Defendants' argument that Burhans has not pleaded the existence of adverse employment actions fails as well. The Complaint identifies a number of actions taken by various Department employees that Burhans contends were retaliatory including, denying her overtime pay, demoting her from the position of Admission Coordinator to the position of nurse case-manager, prohibiting her from using the Department's fax machine and copy machine, refusing her request to attend a conference at Pace University School of Nursing, initiating disciplinary proceedings against her pursuant to NYCSL § 75, and placing her on involuntary leave pursuant to NYCSL § 72(5). Several of these actions were sufficiently severe that they would deter an individual in the plaintiff's position and possessing ordinary firmness of character from engaging in the protected activity the Complaint describes. These include denying her the opportunities for overtime pay that she had previously been given, the official reprimands, and the placement on involuntary leave. See, e.g. Zelnik, 464 F.3d at 226 ("[A]dverse employment actions include discharge . . . demotion, reduction in pay, and reprimand." (citation omitted)); Skehan, 465 F.3d at 106 ("[T]he institution of disciplinary proceedings is sufficient in this circuit to constitute an adverse employment decision."). Given that at least some of the adverse actions that Burhans identifies are sufficiently severe to support a First Amendment retaliation claim, it is unnecessary at this stage to determine whether each of them would independently support such a claim.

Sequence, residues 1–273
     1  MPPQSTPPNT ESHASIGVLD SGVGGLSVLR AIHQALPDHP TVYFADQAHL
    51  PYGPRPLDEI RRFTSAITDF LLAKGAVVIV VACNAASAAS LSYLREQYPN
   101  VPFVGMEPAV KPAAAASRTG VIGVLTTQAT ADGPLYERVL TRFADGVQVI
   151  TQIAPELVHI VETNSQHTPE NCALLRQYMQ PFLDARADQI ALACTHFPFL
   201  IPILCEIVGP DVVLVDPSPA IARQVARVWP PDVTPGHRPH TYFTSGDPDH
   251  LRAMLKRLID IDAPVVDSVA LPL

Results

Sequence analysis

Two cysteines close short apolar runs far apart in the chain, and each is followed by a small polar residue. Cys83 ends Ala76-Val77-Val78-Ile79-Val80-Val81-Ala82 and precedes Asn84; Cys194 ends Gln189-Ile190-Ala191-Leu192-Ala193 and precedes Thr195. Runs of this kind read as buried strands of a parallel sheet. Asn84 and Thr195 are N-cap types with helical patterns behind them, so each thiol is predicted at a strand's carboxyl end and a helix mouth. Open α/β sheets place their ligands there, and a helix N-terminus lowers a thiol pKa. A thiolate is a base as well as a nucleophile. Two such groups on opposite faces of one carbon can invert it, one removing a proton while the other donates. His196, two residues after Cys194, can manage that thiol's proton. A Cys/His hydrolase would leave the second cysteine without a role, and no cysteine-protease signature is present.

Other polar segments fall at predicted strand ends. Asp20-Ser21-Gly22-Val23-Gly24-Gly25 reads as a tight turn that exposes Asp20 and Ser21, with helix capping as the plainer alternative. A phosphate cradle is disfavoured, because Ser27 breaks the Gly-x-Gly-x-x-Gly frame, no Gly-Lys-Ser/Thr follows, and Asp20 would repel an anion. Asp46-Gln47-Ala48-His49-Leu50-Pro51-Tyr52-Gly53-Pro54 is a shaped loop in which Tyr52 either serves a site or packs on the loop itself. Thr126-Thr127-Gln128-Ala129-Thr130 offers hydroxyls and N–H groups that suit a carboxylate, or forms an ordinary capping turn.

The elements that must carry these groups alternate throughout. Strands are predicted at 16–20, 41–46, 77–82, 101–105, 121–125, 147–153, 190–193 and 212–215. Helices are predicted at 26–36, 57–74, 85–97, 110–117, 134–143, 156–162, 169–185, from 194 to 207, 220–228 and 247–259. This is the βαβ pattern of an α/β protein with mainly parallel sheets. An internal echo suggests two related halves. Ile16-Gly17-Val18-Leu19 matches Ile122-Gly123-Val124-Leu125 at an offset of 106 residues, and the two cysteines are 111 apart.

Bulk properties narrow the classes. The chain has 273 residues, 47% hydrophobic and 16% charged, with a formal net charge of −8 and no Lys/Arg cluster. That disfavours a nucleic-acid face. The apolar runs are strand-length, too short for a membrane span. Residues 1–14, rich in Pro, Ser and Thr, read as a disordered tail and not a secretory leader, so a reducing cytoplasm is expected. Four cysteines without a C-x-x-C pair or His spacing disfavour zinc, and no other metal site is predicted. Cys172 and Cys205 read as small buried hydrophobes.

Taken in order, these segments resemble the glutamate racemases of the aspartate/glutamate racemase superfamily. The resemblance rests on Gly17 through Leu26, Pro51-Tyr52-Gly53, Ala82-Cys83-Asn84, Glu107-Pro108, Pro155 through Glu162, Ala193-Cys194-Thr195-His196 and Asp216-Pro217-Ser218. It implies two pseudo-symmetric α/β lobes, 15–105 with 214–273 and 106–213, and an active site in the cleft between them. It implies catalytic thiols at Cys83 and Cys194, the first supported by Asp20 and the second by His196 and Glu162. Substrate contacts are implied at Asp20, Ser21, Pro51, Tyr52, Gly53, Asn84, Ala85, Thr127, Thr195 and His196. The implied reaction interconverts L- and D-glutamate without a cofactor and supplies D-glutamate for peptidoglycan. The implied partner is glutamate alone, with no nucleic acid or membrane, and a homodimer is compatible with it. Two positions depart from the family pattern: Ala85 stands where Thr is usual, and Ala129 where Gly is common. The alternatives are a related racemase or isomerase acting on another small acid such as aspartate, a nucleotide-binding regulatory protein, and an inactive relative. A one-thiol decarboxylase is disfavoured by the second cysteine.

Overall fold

The defendants are correct, however, that the First Amendment claim must be dismissed to the extent it seeks to recover for the defendants' initiation and prosecution of the § 72(5) proceedings. Given the independent determination of the hearing officer that there was probable cause to believe as of December 8, 2005 that Burhans was unfit to perform her job, a decision that Burhans did not challenge through the procedures provided under New York State law, plaintiff is unable as a matter of law to establish a causal connection between her protected speech and the defendants' resort to the § 72(5) process. Thus, the defendants' motion to dismiss the First Amendment claim is granted to the extent that it asserts that the § 72(5) proceedings were retaliatory.

1. Qualified Immunity Amler and Eldridge also contend that the First Amendment retaliation claim against them must be dismissed since their conduct was protected under the doctrine of qualified immunity.